Ants Among Elephants - An Untouchable Family and the Making of Modern India

I came across Ants Among Elephants via this Slate interview a few weeks ago. In it, Isaac Chotiner, who is among the better read web-writers on India, spoke highly of the book, its subject matter, and the fascinating journey the author took that landed her as the first Indian-American subway conductor in NYC. This follow up interview with Tyler Cowen is also a good addendum.

Gidla’s book is very important but I don’t think it is very easy to read. Gidla’s strengths are in recounting difficult times her family has faced. About describing social and political forces that shaped modern India. But not exactly in story telling. Her writing often felt overburdened and unable to manage details, characters, and larger themes.

With that warning out of the way, the content of this book was fascinating. The balance between politics, the rise of the Naxalite movement, personal stories that track the journey India has been on since Independence, and the complex ways in which caste in India mirrors race elsewhere (and the ways in which it doesn’t) were all interesting to consider. The ways in which caste intersects with every structure of life – politics, economics, personal well being, personal identity – it possibly holds the most explanatory power of how or why people’s lives are the way they are in India.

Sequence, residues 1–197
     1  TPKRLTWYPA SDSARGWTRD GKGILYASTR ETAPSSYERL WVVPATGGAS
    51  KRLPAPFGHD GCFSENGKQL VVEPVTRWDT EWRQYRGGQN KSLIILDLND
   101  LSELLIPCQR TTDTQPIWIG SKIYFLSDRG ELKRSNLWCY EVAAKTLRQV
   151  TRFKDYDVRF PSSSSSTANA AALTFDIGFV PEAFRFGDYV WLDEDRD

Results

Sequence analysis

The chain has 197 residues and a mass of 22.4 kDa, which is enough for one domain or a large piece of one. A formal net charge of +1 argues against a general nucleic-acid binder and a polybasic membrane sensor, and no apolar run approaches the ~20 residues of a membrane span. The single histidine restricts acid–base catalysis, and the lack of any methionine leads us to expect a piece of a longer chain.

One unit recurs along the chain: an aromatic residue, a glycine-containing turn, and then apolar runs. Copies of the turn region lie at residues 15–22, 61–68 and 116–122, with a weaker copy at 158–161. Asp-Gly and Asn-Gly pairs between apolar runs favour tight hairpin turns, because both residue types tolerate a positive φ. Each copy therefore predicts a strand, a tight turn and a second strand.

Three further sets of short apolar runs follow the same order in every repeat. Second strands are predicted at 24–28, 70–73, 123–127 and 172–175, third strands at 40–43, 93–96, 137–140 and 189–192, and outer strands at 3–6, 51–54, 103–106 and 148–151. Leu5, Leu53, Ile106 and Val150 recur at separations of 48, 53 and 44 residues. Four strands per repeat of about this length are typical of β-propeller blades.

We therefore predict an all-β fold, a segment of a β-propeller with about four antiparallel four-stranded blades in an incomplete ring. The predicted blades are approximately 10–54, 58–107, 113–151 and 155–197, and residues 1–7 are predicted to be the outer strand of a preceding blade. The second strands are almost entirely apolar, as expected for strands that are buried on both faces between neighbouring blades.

I have and will continue to highly recommend this book to any interested reader of India. I wish it read better. But it is important enough to read none the less.